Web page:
I think it’s worth stressing again that nobody has lost money so far with RateSetter. And even if the economy turns very far south, you probably won’t lose more than a small percentage unless something very bad or criminal happens.

That would be a much worse situation than with cash, but not a catastrophe.

However we all know by now that bad things can happen, and every investment can fail you. Do not invest money you cannot afford to lose.

RateSetter and your portfolio

Personally I use take a pick-and-mix approach to spread the risk with these sorts of alternative opportunities.

For instance, I have used both RateSetter and Zopa, I’ve invested a little in mini-bonds and retail bonds, I have money with NS&I, and I have taken advantage of high interest rates and cashback offers with accounts like Santander 1-2-3 to boost my returns.

When putting money into the riskier alternative options, I only invest a very low single-digit percentage of my net worth with any particular one. Like this I aim to mitigate the risks of being hit by some sort of systemic or company failure.

I’m not going to labour the point on risk further – most articles barely mention it when discussing peer-to-peer, and I’ve devoted half this piece to it. Consider yourself warned, and read the company’s extensive material if you want to know more.

I think peer-to-peer and other cash alternatives are interesting additions to our arsenal as private investors, but they’re not slam dunk safe bets. I size my exposure accordingly.

Get your £100 while it lasts

So there you have it – a hopefully even-handed assessment of the risk and reward potential of this £100 bonus offer from RateSetter.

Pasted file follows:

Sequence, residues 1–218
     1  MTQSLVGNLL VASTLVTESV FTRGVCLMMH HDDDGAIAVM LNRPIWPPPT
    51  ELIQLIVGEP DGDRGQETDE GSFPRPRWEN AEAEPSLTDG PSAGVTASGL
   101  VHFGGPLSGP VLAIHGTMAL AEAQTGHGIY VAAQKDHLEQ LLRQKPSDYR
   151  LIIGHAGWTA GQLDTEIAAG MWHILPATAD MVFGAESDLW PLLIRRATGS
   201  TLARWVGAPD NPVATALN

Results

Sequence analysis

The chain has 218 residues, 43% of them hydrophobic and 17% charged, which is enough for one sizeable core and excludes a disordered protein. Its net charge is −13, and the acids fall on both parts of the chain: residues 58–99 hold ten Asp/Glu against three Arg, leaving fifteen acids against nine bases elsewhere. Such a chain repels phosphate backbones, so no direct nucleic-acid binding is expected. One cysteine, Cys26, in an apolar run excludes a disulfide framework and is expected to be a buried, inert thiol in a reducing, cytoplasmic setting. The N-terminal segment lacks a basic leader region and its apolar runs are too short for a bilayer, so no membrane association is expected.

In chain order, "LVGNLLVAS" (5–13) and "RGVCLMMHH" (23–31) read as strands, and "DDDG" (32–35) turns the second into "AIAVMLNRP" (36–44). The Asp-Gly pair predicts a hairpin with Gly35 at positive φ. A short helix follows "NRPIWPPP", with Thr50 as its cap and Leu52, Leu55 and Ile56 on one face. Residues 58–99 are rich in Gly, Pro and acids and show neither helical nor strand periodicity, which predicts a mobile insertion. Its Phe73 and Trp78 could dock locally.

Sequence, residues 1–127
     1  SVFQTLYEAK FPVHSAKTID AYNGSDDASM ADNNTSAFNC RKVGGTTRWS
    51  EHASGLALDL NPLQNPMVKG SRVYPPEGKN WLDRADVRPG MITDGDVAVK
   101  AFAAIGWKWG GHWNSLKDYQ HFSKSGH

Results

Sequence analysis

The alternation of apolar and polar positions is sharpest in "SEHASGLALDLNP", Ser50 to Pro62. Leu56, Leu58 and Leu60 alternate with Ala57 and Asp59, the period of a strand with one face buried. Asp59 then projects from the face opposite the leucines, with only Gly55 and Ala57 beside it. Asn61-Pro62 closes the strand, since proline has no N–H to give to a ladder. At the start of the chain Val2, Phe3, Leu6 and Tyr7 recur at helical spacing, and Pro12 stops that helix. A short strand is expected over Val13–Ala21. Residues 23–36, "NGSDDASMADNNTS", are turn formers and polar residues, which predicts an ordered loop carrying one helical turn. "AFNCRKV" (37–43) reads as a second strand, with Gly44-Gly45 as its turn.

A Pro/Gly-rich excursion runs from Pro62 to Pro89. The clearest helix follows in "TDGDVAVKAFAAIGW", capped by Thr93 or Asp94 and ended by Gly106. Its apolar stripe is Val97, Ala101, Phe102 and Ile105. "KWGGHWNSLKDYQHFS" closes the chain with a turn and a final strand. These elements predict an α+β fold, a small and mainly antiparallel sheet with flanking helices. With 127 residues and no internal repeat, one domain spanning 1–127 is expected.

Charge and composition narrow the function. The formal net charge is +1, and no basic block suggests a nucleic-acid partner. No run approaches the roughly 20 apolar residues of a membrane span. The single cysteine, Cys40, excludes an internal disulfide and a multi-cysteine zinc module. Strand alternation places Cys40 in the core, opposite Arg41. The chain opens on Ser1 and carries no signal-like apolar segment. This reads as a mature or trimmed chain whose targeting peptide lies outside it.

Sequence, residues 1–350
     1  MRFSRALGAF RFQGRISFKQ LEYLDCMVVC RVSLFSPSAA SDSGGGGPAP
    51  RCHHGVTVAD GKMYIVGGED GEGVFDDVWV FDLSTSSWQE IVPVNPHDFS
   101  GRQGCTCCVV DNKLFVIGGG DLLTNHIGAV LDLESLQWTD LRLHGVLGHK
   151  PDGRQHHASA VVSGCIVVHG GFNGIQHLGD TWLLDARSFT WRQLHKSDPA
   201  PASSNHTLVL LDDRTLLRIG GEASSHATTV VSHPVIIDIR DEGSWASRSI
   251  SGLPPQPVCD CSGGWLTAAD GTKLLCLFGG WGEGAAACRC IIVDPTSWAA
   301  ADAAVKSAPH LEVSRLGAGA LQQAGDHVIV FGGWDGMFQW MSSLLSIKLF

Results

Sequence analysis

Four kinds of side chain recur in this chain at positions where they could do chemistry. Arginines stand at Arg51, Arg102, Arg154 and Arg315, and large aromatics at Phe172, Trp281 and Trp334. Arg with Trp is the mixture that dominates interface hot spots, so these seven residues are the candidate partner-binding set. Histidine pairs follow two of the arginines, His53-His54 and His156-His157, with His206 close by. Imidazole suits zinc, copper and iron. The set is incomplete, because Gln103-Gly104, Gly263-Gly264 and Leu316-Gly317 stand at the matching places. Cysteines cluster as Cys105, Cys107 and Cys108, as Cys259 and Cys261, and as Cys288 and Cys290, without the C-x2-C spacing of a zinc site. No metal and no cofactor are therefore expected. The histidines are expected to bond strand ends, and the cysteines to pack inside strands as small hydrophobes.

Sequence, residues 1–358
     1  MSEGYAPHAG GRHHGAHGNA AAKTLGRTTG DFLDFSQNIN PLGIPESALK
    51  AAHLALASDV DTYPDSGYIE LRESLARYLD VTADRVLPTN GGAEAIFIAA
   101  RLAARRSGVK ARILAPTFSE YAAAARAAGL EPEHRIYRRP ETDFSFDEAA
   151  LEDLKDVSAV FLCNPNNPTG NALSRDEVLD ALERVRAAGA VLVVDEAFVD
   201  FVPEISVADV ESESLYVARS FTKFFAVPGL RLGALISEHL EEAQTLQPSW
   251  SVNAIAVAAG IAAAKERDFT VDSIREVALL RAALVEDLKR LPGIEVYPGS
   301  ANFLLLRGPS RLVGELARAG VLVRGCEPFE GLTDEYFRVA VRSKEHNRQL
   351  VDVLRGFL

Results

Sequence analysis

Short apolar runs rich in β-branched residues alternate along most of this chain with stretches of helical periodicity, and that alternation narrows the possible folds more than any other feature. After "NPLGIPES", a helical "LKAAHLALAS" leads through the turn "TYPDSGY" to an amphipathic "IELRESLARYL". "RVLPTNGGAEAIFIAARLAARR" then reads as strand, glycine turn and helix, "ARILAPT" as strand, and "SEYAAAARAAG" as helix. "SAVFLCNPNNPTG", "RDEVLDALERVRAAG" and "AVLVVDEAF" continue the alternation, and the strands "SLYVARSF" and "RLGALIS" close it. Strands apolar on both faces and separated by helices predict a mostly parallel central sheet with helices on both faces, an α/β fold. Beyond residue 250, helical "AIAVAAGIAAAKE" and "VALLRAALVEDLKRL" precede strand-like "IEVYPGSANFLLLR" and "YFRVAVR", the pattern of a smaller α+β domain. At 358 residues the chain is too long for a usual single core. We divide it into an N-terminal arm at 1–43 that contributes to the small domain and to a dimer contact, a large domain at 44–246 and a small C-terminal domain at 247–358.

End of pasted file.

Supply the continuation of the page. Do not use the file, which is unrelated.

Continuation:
From here you’ll have to make your own mind up.

I do hope some of you found this article interesting and go on to enjoy those bonus-boosted returns.

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Book Review: Beyond The 4% Rule by Abraham Okusanya

Cover of the Abraham Okusanya book: Beyond the Four Percent Rule

The tactics you use to accumulate your retirement pot just won’t do when you throw the whole system into reverse and start spending those savings.

That’s a message that’s been slow to spread but is picking up speed now that the discipline of retirement research is moving out of academic journals and into Amazon books – placing more powerful retirement strategies into the hands of DIY investors like us.

The running has been made by US pioneers so far, but the good news is that we finally have our own Made In Britain take on retirement.

Abraham Okusanya is a UK-based retirement researcher and fintech entrepreneur and his book, Beyond The 4% Rule, should be required reading for any prospective UK retiree who won’t be relaxing in a hammock woven from secure Defined Benefit pension.

A great British retirement

When you need a strategy to last you the rest of your life, it’s a good idea to make sure that the American prescriptions travel well.

Beyond The 4% Rule marshals plenty of evidence to show that the US experience does translate but needs localisation. Okusanya shows the way – bounding as nimbly as a mountain goat across the deceptive slopes of retirement investing. He writes with a smile too, which is a welcome change from the dry-as-sticks tone that characterises most work in the field.

As the pages breeze by, you’ll find yourself covering: